Find out what social media platforms they're using. Where do they have the biggest audiences? Where do they get the most engagement?

If you see a trend among your competitors, chances are they are on to something and have figured out what's best. However, just because every one of your competitors is on Twitter doesn't mean you can't be amazing on Snapchat. You may want to take the challenge of branching out into a newer platform to cultivate a presence where your competitors lack a strong presence.


And there you have the key questions I go over with every one of my clients when determining which social media sites to use. What do you think? Do you use another criteria to determine which sites to use? Let me know in the comments below!

Did you find this helpful? Please share:
  1. Really enjoyed this post, Jenn! I was just answering this question for a potential client today. Wish I’d found this article earlier today. Will share it with them now.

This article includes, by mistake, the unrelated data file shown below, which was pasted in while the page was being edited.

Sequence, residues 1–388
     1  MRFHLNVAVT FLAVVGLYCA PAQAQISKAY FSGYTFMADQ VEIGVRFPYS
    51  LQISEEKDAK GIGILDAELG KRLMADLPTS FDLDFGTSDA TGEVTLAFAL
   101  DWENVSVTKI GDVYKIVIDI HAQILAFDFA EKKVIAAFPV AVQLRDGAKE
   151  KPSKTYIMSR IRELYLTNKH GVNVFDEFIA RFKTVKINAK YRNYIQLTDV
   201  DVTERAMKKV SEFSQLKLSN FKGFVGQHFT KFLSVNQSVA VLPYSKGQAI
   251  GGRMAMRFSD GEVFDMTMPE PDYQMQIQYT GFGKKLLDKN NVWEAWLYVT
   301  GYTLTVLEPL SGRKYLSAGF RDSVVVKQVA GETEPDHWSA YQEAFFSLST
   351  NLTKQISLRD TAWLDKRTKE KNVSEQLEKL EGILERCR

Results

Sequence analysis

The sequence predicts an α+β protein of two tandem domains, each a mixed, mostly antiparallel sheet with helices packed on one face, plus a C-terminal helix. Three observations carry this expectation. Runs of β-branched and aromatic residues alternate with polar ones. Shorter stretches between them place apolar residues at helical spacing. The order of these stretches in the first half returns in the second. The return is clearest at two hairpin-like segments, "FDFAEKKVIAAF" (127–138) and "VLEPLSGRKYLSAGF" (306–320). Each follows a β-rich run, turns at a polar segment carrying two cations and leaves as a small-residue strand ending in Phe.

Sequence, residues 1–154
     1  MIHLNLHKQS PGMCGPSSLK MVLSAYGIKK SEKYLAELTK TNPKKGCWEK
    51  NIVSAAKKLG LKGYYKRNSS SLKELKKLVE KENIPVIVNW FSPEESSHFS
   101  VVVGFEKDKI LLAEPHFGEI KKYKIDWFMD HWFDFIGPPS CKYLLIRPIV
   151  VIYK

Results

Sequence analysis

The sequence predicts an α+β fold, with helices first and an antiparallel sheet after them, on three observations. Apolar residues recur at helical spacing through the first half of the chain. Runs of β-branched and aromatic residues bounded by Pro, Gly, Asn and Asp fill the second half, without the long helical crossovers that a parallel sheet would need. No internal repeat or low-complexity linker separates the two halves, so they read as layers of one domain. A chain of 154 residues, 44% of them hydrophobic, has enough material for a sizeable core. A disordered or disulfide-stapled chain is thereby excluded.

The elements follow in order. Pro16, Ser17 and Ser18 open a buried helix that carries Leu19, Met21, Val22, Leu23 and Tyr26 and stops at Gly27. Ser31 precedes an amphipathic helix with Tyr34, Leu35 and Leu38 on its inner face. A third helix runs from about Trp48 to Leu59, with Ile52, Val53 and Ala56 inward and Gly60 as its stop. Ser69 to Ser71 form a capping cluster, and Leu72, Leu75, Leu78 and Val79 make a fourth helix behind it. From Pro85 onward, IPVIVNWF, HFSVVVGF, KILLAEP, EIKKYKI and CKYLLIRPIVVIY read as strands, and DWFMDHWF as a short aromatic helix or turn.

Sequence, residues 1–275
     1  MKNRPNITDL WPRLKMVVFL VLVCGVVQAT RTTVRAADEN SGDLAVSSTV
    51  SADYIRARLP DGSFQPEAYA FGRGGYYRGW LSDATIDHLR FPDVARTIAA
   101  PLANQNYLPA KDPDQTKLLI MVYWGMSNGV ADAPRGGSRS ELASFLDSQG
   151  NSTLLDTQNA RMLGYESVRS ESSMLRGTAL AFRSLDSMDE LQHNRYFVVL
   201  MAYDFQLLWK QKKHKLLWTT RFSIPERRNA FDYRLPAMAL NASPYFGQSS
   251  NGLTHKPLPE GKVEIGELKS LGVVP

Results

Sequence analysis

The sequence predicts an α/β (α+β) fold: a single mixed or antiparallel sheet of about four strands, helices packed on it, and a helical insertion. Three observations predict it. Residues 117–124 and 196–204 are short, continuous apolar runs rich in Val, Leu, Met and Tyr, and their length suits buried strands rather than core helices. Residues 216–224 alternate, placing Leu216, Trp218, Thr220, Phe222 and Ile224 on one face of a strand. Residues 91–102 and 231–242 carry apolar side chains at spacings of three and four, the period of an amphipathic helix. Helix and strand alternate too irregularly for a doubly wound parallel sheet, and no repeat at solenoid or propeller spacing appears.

In finding your competitors for certain businesses, I also like to do a Google search for the business type plus a social media site. For example, if the business was appraisal, I’d search for “appraiser” and “appraiser” and see which returned more results.

    Again, thanks for such a useful post!

    1. Thanks John! I’m glad you enjoyed this and I hope your client finds it helpful too 🙂
      And, yes, that’s another good tip for insight! Thanks for sharing.

  2. I faced this question quite a while ago. Realizing that there is limited amount of time per day to dedicate for social media activities, I chose to focus on those that best fit my business and mid term goals. At the end the “winners” were Instagram, Facebook, Pinterest and LinkedIn.
    I usually try out new social medias as well and keep my mind open.

    1. That’s great that you found what works for you but also keep an open mind to new options. It sounds like you’re on the right track!

    1. While I agree Facebook is important, it isn’t necessarily always the best. As I discussed, it depends a lot on the business and where their audience is.